Reimers of the Philosophy Department. The third lecture was presented Thursday afternoon by Professor David Solomon of the Notre Dame Center for Ethics and Culture. He outlined the various rhetorical devices that pervade the abortion debate, explained some purely rational arguments against the pro-abortion standpoint, and challenged the audience to work to meet the culture head-on by using secular reasoning, instead of purely theological reasoning, when fighting for the pro-life cause. The central event of Respect Life Week was the construction of the Cemetery of the Innocents on South Quad. Six hundred white crosses were erected near the flag pole to represent the approximate number of abortions that occur during the duration of a four-hour Notre Dame football game. Many RTL members had helped the previous week to fix and re-paint these crosses, which have been used in the previous years by the club during Respect Life week. Also, in the section of the quad immediately east of the area with the crosses, 3,600 pink and blue flags were arranged to represent the number of abortions on average that occur within the United States each day. With these two displays, the Notre Dame community was able to see a powerful visual display of the pain and destruction that abortion brings to thousands of women and families across this country. Finally, a large wooden (cont. pg3)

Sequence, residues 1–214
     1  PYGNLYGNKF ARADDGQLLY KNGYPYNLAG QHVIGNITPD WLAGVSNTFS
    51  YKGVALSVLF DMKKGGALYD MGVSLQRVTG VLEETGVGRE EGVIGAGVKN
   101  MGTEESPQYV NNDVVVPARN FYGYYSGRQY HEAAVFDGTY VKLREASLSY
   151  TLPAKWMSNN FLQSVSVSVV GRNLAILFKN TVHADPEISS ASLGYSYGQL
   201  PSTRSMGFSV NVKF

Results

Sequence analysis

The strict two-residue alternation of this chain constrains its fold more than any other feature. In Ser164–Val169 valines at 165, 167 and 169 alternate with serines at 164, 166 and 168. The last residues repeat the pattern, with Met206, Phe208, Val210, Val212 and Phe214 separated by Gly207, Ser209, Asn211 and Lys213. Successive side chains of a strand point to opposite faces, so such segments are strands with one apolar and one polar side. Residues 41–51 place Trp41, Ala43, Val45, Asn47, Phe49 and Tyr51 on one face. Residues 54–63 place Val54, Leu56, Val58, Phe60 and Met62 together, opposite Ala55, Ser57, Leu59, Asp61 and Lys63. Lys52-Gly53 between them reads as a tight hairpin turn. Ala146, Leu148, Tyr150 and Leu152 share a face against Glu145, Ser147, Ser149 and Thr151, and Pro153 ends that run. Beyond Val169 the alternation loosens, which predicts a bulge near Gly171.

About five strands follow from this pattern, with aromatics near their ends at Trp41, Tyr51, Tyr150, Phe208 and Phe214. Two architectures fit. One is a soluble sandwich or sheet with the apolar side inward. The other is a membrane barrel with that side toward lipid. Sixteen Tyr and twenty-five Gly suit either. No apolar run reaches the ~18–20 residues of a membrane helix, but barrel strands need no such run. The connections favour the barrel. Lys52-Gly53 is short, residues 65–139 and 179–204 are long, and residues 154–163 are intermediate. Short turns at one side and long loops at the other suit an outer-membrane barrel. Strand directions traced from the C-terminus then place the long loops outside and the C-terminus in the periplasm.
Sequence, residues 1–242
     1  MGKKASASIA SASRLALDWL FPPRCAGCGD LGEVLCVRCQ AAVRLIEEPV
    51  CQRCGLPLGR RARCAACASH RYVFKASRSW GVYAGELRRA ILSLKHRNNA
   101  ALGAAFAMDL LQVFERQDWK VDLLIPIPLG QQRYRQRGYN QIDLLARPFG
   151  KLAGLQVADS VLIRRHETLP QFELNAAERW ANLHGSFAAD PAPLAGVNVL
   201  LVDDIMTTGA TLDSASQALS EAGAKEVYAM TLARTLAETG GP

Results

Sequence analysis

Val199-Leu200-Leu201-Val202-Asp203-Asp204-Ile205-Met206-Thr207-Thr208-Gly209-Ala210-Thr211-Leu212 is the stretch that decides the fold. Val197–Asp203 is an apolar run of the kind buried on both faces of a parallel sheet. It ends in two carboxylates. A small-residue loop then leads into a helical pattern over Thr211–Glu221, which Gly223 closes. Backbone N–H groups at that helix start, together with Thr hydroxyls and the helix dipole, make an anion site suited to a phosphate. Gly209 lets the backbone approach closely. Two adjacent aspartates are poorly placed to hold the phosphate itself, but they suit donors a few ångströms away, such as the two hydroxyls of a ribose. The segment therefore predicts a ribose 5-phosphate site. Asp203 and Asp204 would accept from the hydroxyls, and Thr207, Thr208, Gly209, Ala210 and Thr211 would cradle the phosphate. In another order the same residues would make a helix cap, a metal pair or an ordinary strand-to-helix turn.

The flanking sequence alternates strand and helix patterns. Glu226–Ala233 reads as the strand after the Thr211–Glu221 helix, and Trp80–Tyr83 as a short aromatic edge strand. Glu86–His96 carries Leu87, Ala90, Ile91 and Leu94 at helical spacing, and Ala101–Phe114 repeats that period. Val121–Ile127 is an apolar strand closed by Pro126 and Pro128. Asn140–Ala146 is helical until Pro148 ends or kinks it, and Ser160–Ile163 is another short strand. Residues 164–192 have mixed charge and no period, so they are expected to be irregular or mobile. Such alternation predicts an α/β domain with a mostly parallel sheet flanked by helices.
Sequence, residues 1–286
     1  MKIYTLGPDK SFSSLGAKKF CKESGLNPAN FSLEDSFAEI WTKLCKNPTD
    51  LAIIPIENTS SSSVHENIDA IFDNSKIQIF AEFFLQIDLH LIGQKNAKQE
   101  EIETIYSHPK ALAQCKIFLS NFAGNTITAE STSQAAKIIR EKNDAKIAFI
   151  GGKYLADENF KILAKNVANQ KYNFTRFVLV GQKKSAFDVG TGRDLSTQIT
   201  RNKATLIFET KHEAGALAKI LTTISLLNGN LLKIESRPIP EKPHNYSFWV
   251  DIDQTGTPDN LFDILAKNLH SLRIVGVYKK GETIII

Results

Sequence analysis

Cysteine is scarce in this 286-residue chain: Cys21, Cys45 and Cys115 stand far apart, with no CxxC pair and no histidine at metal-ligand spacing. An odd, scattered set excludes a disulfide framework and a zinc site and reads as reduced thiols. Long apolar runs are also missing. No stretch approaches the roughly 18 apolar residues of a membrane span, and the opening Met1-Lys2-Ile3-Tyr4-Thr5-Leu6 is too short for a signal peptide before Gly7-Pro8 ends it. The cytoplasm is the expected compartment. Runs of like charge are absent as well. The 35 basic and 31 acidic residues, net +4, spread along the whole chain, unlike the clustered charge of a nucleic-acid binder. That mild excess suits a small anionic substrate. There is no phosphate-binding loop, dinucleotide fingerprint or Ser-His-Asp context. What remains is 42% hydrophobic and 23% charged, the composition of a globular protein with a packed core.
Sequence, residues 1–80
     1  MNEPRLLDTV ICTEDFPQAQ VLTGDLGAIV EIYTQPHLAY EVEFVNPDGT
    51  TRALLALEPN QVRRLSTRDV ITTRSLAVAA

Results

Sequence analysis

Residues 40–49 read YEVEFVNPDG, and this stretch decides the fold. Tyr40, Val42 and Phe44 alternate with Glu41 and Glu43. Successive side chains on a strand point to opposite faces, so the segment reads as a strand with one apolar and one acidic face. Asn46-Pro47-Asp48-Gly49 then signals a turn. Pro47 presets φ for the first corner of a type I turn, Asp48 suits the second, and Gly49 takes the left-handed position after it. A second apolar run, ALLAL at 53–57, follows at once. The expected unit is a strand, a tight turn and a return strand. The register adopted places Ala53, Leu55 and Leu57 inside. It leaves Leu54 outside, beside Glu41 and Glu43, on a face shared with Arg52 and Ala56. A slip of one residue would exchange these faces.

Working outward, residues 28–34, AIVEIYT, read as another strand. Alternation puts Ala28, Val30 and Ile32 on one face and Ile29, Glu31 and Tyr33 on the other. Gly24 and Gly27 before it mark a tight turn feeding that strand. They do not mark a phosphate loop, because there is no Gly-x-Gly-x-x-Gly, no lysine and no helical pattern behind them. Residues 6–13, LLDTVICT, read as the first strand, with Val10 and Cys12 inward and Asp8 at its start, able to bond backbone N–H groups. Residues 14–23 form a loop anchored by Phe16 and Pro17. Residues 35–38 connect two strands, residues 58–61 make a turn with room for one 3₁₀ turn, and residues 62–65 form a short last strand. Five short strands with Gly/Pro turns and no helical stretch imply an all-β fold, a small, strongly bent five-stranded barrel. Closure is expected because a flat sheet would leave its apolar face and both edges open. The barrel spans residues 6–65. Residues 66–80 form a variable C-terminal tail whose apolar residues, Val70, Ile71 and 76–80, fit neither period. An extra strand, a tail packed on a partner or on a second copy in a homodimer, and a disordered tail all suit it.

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2006-2007 Officers Mary Liz Walter President John Sikorski Vice-President Adam Hoock Vice-President Jessica Prior Vice-President Victor Saenz Secretary

A Few Words from the President Dear Friends of Right to Life, It seems like only yesterday that this semester started; but, Fall has been here awhile now, and the chill of winter is in the air already – the semester is midway through. The past couple months have been challenging for Right to Life. Just as we were all settling back into our dorms we kicked off the year with Rock for Life. We held well attended meetings in September and October, were visited by the seminarians of Priests for Life, ran a concession stand at the Purdue game, conducted a Vote Pro-life drive, and Respect Life Week was an undeniable success.